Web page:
William's home for discarded gems and concepts-in-progress.

Welcome to William Van Winkle's blog, home for everything from notes on his latest ebooks to leftovers from his articles in CPU, Tom's Hardware, Smart Computing, and other media outlets. Check out his author pages at Amazon and Smashwords!

Monday, April 23, 2012

Sci-Guys Review: Ray Bradbury's "The Veldt"

I posted before about the interview I did for the Sci-Guys podcast. What I didn't mention at the time is that I've always wanted to be a reviewer. Well...I mean, I am a reviewer for CPU magazine and such, but I really wanted to be more in the vein of movie reviewer extraordinaire Roger Ebert. I've long believed that part of Ebert's enduring popularity hinges on his intelligence and perspective. He brings decades of both professional and human insight into his reviews. Often, they're as much about life as they are about movies. This is what sets Ebert apart. Any keyboard monkey can spin a snarky put-down, but very few can achieve elegance, humor, and wisdom all while writing "just" another review.

That's what I've always wanted to do, but computing doesn't allow much leeway for humanity in its media coverage. The best of my efforts in this direction can be found in my Architects of Tomorrow, Volumes 1 and 2 ebooks. But yeah, I get it. How much humanity and perspective can one inject into a Wi-Fi adapter review? Not much.

After the Sci-Guys interview, I had a crazy idea. I dropped a note to the guy who'd interviewed me, Sci-Guy John, and asked if there was any chance that I could do little reviews of short fiction ebooks on the show. He floated the idea around his group, and they agreed to give it a spin.

My first attempt at this appeared in Sci-Guys podcast 094. (You know they're geeks, because only nerds who survived Y2K would think to put a "0" in front of their otherwise two-digit show numbers.) My little segment appears about half-way through the show, and it got edited in just before going live, so there was no time to work with the audio levels and such. That's I sound like I'm French kissing the mic.

I'd encourage everyone with a funny bone and a strong stomach to enjoy the show, but if you just want the text of my review, here it is:

William’s Short Shorts: “The Veldt” by Ray Bradbury

One day in sixth grade, in the middle of this otherwise godawful anthology of short stories for young readers, I found “The Veldt” by Ray Bradbury. And my head exploded. It was my first taste of speculative fiction, that dark area of literature where the creepy and fantastic collide. Speculative fiction is as fascinating as it is disturbing, and it’s usually most disturbing when it makes you question your own humanity.

On one level, “The Veldt” is a parable about modern man and our love of technology. George and Lydia Hadley are recent purchasers of a Happylife Home, something straight off the Street of Dreams and then filtered through The Jetsons.

This Happylife Home’s main feature is its nursery, which is a dead ringer for the holodeck. Keep in mind that “The Veldt” was originally published in 1950, almost four decades before virtual reality and the holodeck arrived in Star Trek: The Next Generation. So when Bradbury describes the nursery as a space where 2D walls are able to simulate an African veldt grassland and its animal inhabitants with incredible 3D realism, and the environment is created from scans of the imaginations of the Hadley’s two children, this is science fiction at its forward-looking finest.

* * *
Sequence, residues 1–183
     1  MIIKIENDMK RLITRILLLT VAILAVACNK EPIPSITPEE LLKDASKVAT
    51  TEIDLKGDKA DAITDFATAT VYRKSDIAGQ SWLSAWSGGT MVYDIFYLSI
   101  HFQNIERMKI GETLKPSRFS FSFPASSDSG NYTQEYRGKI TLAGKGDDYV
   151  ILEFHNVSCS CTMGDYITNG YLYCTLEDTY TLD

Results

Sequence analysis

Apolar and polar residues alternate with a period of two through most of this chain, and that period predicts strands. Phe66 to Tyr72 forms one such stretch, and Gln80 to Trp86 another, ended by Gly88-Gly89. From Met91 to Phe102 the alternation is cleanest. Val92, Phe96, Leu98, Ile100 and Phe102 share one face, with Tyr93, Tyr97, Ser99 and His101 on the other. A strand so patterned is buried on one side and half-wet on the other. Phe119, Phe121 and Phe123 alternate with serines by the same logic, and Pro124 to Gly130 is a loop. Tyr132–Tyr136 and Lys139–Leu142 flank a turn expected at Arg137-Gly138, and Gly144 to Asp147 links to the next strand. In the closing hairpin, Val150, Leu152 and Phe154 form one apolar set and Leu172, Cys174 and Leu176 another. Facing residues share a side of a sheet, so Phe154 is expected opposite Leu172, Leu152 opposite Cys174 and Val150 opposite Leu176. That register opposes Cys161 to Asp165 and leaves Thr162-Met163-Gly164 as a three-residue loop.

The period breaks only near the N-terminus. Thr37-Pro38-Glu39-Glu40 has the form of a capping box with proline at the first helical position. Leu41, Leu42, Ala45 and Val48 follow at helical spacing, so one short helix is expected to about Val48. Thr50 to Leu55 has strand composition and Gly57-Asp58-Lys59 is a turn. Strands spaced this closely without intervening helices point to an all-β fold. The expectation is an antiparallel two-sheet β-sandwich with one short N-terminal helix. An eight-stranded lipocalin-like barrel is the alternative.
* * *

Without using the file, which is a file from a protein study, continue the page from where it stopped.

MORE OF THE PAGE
But “The Veldt” doesn’t focus on technology. Rather, it’s about how the Hadleys have become crippled by their dependence technology. The father needs more sedation at night. The mother is a nervous wreck. And their two children are spoiled brats who want to spend every waking minute enveloped in their video games—I mean, Happylife Home nursery. Faced with the shouting and pain of ripping their kids back into reality or letting the obsession continue, the Hadleys keep their kids on the electronic teat. The African environment grows increasingly real as the parents’ panic escalates.

So, when would you try to pull the plug? I mean, we just want our kids to be happy, right? It’s so easy to let technology lull us to sleep. But sometimes happiness goes too far. And don’t we all worry, deep down, that we might wake up just be a little...too late?

Even now, reading “The Veldt” still sends a shiver up my back. You can find it in Bradbury’s story collection, The Illustrated Man. This story opened my eyes to speculative fiction and changed my life. I can’t recommend it highly enough, and it seemed a great piece to kick off an ongoing series of short story reviews here on Sci-Guys. With the rise of ebooks, people are gradually rediscovering how incredible good shorter fiction can be. Not only can it pack the same punch as a novel, it’s often a better fit for people with busy schedules, and you can pick most stories up for less than a buck.

For now, don’t miss “The Veldt,” spelled V-E-L-D-T. I don’t see it on the Kindle or Nook yet, so this one time, please look for it on paper first. But whatever you do, don’t miss this story, and thanks for checking out my short shorts.